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January 28, 1937

CRESPO et al.

The opinion of the court was delivered by: GALSTON

GALSTON, District Judge.

This is a second application made upon the affidavit of Luis Careaga, Secretary of Embassy and Cousul in charge of the Consulate General of Spain in New York, who seeks on behalf of the Ambassador of the Republic of Spain to open a default and vacate a decree heretofore entered in behalf of the libelant awarding to the libelant possession of the steamship Navemar. An application for the same relief was made on December 16, 1936, and denied with permission, however, to renew the application upon a proper showing.

This affidavit recites that there is an existing Treaty between Spain and the United States (33 Stat. 2105, 2111, art. 12) by the terms of which there is granted to the envoys, ambassadors, ministers, charges d'affaires, and other diplomatic agents of each of the countries the same favors, privileges, and immunities and exemptions which are granted or shall be granted to the most favored nation.

 It is alleged that the steamship Navemar is a Spanish vessel within the meaning of article 11 of the Treatly, in that the steamship was and is under the flag of Spain and is furnished with the papers which the laws of Spain require.

 It appears that on October 10, 1936, a decree relating to this steamship was issued by the Minister of Communications and Merchant Marine of the Republic of Spain, which decree, among other matters, recites that the Republic of Spain attaches the steamship Navemar of the Compania Espanola De Navegacion Maritima, S.A., for use of the National Public Service, and that it be managed by the Minister of Communications and Merchant Marine through the General Bureau of Merchant Marine. It was decreed that the attachment and the consequent change of authority would be noted in the official registry of vessels and in the central registry of the General Bureau and on the documents of the vessel, and in the correspondng consular registries.

 The Careaga affidavit further sets forth that on November 25, 1936, the steamship arrived in the port of New York in the command of her master, Manuel Martinez, acting for and in behalf of the Republic of Spain and under the direction of the Minister of Communications and Merchant Marine through the General Bureau of the Merchant Marine; that on said day Martinez, as master, deposited the ship's roll with Careaga; and that the ship's roll is now in his possession. Careaga avers that the ship's roll shows that the Navemar arrived at Buenos Aires, Argentine, on October 9, 1936; that the vessel departed on October 16, 1936, for Rosario, Argentine, and arrived at Rosario on October 18, 1936, returning to Buenos Aires on October 26, 1936, from which port she sailed for New York on October 28, 1936. It is averred that the ship's roll discloses that Antonio I. Serrano, Spanish Consul in the port of Rosario, indorsed on the ship's rolls a legend which translated reads: "Through a cable dated 26th of the inst. month from the Director General of the Merchant Marine, this ship has become the property of the State through attachment according to the decree of October 10. 1936."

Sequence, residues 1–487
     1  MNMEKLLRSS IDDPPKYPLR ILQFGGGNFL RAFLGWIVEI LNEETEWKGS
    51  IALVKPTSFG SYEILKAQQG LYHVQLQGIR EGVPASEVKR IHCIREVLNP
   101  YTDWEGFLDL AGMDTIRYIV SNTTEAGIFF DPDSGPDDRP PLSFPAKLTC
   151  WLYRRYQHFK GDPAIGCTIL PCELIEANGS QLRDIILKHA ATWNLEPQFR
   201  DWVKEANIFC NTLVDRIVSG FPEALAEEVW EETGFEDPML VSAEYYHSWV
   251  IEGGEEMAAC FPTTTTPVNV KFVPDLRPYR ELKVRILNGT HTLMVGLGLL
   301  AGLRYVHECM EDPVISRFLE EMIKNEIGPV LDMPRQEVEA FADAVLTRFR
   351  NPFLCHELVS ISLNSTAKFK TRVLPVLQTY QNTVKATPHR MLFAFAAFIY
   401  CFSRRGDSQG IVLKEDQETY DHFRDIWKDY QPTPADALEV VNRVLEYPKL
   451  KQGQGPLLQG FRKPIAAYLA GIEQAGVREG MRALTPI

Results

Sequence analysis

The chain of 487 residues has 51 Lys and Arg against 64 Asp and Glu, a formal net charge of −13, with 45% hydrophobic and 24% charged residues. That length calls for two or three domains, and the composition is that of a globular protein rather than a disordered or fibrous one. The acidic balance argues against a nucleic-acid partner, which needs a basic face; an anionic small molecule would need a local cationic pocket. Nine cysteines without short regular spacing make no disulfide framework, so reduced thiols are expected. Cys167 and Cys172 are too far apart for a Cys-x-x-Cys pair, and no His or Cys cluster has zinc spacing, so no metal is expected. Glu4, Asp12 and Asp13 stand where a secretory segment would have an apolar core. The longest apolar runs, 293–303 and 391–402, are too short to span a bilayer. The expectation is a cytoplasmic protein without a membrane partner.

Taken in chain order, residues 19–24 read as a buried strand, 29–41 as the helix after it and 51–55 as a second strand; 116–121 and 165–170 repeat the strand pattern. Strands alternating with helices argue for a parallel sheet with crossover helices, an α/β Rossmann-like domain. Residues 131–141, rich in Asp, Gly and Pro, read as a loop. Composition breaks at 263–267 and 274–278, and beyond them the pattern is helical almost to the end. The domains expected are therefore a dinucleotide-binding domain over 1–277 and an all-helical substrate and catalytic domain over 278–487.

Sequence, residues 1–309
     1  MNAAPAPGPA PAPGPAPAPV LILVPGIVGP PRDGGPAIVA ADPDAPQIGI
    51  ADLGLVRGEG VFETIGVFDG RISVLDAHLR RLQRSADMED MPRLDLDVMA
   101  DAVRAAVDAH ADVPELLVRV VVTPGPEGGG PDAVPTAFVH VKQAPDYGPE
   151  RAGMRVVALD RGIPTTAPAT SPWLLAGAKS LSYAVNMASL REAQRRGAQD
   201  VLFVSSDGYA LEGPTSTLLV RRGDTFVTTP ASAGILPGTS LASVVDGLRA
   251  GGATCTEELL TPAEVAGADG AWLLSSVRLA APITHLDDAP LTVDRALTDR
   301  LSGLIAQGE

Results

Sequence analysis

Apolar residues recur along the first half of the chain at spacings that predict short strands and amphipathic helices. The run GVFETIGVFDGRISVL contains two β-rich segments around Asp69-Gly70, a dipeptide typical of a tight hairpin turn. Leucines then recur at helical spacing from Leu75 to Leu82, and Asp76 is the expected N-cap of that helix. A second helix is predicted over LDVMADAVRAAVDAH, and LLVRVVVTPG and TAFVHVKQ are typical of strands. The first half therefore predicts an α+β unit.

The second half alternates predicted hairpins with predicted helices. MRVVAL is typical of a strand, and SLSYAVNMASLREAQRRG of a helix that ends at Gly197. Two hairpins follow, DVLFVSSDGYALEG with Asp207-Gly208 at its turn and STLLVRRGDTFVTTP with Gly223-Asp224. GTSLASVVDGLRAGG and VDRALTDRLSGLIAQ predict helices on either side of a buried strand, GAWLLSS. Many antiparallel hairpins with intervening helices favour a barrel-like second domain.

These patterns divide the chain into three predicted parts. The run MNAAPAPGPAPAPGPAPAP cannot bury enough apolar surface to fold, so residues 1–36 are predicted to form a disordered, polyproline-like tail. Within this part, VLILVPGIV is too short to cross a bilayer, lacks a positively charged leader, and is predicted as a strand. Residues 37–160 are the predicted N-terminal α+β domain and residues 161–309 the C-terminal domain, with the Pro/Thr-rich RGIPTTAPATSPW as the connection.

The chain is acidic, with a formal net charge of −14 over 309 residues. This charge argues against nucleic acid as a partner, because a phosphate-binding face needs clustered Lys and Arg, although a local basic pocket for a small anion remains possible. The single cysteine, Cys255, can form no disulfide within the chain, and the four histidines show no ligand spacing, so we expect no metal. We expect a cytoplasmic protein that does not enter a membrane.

Careaga avers that he is informed and believes, though the source of his information is not set forth, that on October 28, while the steamship was at Buenos Aires, Amador Sanchez, Acting Consul General at said port, made an indorsement on the ship's register reading as follows: "Through a cable dated October 15, 1936, to the Spanish Embassy in this capitol, His Excellency, the Minister of State, notifies that this vessel has become the property of the Spanish Government through a decree of attachment published in the Official Gazette dated the 11th of the instant month."

 Accordingly, Careaga alleges that he is informed and believes -- though no other source of information than the foregoing is disclosed -- that the sailings of the Navemar after November 15, 1936, were made at the direction and under the control of the representatives of the Spanish Republic.

 On the arrival of the vessel in New York, Careaga, acting under instructions from the Ambassador of the Republic of Spain, his excellency Fernando de Los Rios, instructed Martinez that the master should await further instructions from Careaga as to any further use of the steamship Navemar. On November 28, 1936, Careaga instructed Martinez to present a detailed account of the expenses of the Navemar covering salaries, food, and the bill for the work and repairs of minor importance that the vessel might undergo. Thereafter Martinez delivered to Careaga an account of the crew of the boat and delivered a statement setting forth contemplated repairs. Careaga, so he recites, on behalf of the Republic of Spain, made partial payments on account of salaries and wages of the master and crew and "manned, victualed and supplied the vessel." On December 7, 1936, Careaga relieved Martinez of command and appointed Thomas Pasqual to act as master.